Thursday, 31 January 2008

A woolly tale...

We have a small flock of Lleyn cross ewes and a ram. A nice little closed flock. But from time to time we get the odd interloper and that is exactly what happened yesterday.

She was a tiny little thing, straight off the mountain, with tiny little Welsh Mountain sheep's ears in which there was an eartag. Catching her was simple for she was collapsed in one of our fields. Mum and I read the tag and spent a 'jolly' half hour half-carrying, half-coaxing this little thing down into the barn. Finally, muddy, with our backs screaming in pain, we got her inside and penned her with some hay and a bucket of water. The hurdles surrounding her were largely superfluous as she just lay down, pointing her nose towards the sky, as if waiting for death. She was obviously in lamb and something should be done about her, but we are talking farm economics here. She wasn't one of ours (who watched the events disinterestedly from the next field up) and we were faced with a horrible dilemma of intervening or not, either way would cost us vets fees or knackerman's fees.

Mum rang around some local farmers last night, with no luck. Then this morning she contacted Animal Health and gave them the flock number. Leave it with me, said the official. She did.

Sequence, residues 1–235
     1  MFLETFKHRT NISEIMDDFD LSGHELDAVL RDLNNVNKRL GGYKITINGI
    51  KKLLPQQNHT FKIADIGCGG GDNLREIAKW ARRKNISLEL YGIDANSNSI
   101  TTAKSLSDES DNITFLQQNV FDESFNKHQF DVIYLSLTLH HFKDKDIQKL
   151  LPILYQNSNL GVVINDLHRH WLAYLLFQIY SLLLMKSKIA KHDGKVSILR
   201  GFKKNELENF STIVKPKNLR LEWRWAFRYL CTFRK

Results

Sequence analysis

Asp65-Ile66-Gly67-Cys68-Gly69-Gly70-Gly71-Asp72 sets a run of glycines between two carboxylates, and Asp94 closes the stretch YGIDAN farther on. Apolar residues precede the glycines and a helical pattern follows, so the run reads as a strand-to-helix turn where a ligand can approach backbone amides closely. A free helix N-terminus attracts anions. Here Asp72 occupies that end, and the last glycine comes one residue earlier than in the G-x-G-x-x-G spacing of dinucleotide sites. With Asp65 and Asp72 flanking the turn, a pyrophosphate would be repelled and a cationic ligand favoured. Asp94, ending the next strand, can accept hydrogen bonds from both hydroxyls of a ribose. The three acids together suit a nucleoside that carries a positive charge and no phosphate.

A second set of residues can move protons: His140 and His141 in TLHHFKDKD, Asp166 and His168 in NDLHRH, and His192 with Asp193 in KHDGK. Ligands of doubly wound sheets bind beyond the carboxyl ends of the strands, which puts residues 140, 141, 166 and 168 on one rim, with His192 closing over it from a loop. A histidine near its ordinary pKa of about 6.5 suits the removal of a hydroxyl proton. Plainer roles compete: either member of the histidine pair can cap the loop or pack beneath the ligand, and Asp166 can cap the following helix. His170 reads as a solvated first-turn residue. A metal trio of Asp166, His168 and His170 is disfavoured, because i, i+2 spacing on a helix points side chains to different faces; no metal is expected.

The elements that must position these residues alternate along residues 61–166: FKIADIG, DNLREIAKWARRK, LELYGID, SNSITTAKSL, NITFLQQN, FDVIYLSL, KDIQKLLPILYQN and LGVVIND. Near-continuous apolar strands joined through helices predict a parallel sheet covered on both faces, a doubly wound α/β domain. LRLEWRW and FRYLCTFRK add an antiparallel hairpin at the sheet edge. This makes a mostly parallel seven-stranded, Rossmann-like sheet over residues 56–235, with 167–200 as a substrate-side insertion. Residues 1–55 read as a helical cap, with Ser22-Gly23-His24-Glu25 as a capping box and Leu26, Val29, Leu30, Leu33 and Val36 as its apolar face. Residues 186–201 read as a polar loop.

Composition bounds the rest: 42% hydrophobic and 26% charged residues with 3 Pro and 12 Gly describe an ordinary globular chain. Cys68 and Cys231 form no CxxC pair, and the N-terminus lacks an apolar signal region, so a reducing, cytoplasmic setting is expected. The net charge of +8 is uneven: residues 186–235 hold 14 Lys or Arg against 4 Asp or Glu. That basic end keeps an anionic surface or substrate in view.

Less than half an hour later a Land Rover pulled up and out hopped Jolly Farmer and Mrs Jolly Farmer. Mum took them and gave them the ewe. JF popped it nimbly under one arm and then into the back of the Land Rover. Then they told the tale of the sheep.

It all began 18 months ago when JF rented a field from one of our neighbours. It needed new fencing, so the neighbour said of course he would fence it, and duly JF arrived and put several hundred sheep into the field. Except the neighbour had 'forgotten' 30 feet or so of the fence. Every single last one of the sheep escaped (of course!) and JF and Mrs JF have spent the last year and a half rounding them up. This one had obviously been living somewhere else in the meantime. Presumably she lambed, then she was shorn and put to the ram again. Now she obviously has twin lamb disease, so she's off for a dose of calcium and a big crossing of fingers.

JF has, in the meantime, got rid of his sheep, apart from half a dozen or so, plus this one. She's had quite an adventure, poor little thing. I checked her teeth and she's broken mouthed, so I think, even if she does survive the twin lamb, this is the end of her adventure. As James Herriot once so famously said: "If only they could talk."


  1. Nature, I guess. Lovely that you tried to rescue her though.

    Crystal xx

  2. Ah bless. We had a sheep join us for a while - trouble was she kept encouraging my two to jump out of the field. Then oneday when I went to find my sheep she wasn't with them - I took my sheep home and they have stayed in the field ever since.

  3. She could certainly tell you a tale or three.
    Its diffiuclt not to try and rescue these creatures if you are an animal lover.

  4. Awwww i'm forever rescueing sheep, a negligent neighbours, good for you xxhope she lives.

  5. You know I want to know more now. Does the sheep go on to lamb and have twins? And what does broken mouthed mean? That she can't eat grass? Poor sheep.

  6. we have had interlopers as well...they just appear somehow. The last one was with us for two years ear tag. Strangely enough she was tame and went on to have beautiful lambs!


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